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Rustic Fruit Desserts: Crumbles, Buckles, Cobblers, Pandowdies, and More

4.14 of 5 stars 4.14  ·  rating details  ·  740 ratings  ·  35 reviews
An early fall cobbler with blackberries bubbling in their juice beneath a golden cream biscuit. A crunchy oatmeal crisp made with mid-summer’s nectarines and raspberries. Or a comforting pear bread pudding to soften a harsh winter’s day. Simple, scrumptious, cherished–these heritage desserts featuring local fruit are thankfully experiencing a long-due revival.

In Rustic Fru
ebook, 176 pages
Published October 20th 2010 by Ten Speed Press (first published April 28th 2009)
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Mar 28, 2010 Sandra rated it 5 of 5 stars  ·  review of another edition
Recommends it for: All cooks who like making desserts using fruits
Recommended to Sandra by: Chris
My first dessert did not turn out well (Grandma Freeman's Jam Cake with Brown Sugar Icing), but I will admit to baking errors. The first was over baking. It should be very moist when removed from the oven. Thus, it was just a little on the dry side. The other error was putting the hot icing on a cold cake. The icing recipe called for rum. But our liquor store is closed on Mondays, thus I stored the cake in the fridge till Tuesday, thus hot boiled icing on a cold cake, equals cracked, hard icing! ...more
I love this book. After I bought it, I ran home and made the upside-down pear chocolate cake. It was amazing. Perfectly moist the pears ended up looking like an abstract rose on the top. The pictures are amazing and the recipes simple and straight forward. Definitely one I will be using a lot in the future.
I really really really want to try and make some of this stuff! I could only give it 4 stars for now because I've only read the book not baked anything, but let me tell you it looks like some of these could have come directly from my Grammy's oven (I swear it was from the 50's and the best stuff came out of it.)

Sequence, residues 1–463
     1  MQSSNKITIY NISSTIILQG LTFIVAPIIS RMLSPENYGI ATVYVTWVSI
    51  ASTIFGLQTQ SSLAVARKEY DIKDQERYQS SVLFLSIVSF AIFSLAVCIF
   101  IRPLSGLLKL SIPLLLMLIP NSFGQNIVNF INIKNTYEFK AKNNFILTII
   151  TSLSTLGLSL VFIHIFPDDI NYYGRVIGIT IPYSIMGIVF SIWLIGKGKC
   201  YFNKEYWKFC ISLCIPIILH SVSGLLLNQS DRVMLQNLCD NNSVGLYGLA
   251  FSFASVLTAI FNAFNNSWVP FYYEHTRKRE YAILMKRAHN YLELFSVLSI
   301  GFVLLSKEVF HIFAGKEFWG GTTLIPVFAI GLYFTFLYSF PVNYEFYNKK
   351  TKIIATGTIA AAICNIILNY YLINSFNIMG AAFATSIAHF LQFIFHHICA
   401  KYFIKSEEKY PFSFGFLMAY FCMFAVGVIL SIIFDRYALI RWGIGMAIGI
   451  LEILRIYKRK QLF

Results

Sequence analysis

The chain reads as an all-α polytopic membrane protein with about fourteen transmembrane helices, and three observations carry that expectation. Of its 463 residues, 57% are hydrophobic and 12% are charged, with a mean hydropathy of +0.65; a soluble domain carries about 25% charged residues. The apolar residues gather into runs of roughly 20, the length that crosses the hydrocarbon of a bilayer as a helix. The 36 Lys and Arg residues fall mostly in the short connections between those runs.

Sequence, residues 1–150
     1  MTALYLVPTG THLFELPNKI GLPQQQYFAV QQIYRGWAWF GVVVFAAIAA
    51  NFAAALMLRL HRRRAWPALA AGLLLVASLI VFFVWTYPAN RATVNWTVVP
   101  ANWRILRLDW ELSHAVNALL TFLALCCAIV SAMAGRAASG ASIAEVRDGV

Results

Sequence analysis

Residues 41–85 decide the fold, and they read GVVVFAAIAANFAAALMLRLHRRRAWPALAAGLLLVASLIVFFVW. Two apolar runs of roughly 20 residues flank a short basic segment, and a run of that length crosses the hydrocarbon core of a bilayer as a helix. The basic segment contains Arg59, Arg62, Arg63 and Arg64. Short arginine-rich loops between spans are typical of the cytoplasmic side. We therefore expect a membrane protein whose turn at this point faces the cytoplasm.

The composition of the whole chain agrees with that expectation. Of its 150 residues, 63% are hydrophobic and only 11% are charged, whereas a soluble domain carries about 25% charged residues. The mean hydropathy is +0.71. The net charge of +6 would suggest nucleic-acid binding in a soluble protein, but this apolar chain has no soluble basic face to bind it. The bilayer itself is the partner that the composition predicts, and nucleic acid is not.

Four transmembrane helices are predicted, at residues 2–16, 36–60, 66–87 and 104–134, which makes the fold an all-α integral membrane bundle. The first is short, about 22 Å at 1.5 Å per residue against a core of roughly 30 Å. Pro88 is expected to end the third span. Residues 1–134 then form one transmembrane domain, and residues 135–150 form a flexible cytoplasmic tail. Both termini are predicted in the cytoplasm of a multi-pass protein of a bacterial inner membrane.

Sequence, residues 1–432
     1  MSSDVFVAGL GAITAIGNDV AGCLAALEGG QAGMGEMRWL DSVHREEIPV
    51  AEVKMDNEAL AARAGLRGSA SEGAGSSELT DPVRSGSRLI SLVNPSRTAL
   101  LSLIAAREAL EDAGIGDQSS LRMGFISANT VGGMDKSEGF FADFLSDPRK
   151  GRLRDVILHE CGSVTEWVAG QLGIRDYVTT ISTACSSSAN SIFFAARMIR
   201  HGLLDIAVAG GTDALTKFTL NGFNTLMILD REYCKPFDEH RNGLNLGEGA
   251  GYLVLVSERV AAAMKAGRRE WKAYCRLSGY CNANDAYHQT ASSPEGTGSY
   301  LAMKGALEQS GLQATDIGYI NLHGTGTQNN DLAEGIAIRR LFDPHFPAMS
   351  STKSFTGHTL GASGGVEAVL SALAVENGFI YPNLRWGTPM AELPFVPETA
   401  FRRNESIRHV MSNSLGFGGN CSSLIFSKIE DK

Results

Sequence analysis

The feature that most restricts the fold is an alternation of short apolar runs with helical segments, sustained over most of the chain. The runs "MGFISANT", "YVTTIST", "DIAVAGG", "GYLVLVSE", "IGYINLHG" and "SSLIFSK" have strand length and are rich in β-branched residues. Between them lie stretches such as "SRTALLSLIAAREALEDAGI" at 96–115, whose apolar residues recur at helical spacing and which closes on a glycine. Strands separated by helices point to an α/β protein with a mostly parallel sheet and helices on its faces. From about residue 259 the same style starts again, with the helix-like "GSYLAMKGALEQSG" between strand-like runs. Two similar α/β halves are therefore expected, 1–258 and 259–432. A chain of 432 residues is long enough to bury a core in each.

Love making "rustic" fruit desserts, so this is right up my alley. I haven't made any of the recipes yet, but I have enjoyed reading the book and the recipes and tips over and over again.
The only drawback I can see to this book is that a lot of the recipes are geographic-specific. That is, if you don't live in the Pacific Northwest, you won't be able to come by boysenberries and tayberries, etc easily. However, I would suggest altering a recipe to those desserts if you feel inspired. Look forwa
This is a wonderful book in many ways. It has all kinds of old-fashioned baked fruit desserts (with awesome names like slump, buckle, pandowdy as well as the more traditional pies, crisps, etc.) I have made two of the recipes so far. One -- nectarine, boysenberry, and almond crisp -- is in the oven right now, and the other, stone fruit tea cake, I have made twice, to enthusiastic and concentrated eating.

I like the fact that you don't even need to roll out a crust for many of these. I also like t
Heydi Smith
A good fruit dessert cookbook but I wish it had more blackberry recipes in it.
I would give this cookbook a 3.5 rating. Not because there is anything really wrong with the recipes, but because it is not an overly practical book. Most of the recipes use fruits specific to the Northwestern US that are hard to find elsewhere. (Really, how much rhubarb do you think we grow in the South?) This is especially difficult for those of us who are trying to support local farmers by buying locally and seasonally. The two recipes I've tried were good, but nothing special. The marketing ...more
Fantastic recipes, Alaska appropriate.
So far I've only made the rhubarb buckle with ginger crumb, but it was great, and I want to make just about all of the recipes in this book. I am especially looking forward to the sour cherry cobbler, and the gingered peach and blackberry pandowdy...

Update: the lemon buttermilk rhubarb bundt cake was great, and the rhubarb cream cheese pie with fresh strawberries was fabulous. If you like fruit desserts, you should have this book.
Aja Marsh
Some fun desserts in here-- a few that have inspired me to use up the nectarines and sour cherries I froze over the summer but haven't been sure what to do with. I don't bake much, but most of the recipes in here I'll have to alter to suit my more "wholesome" approach to desserts, but that's easy enough. The recipes are all pretty simple and straightforward, not using a ton of speciality ingredients, and is organized seasonally.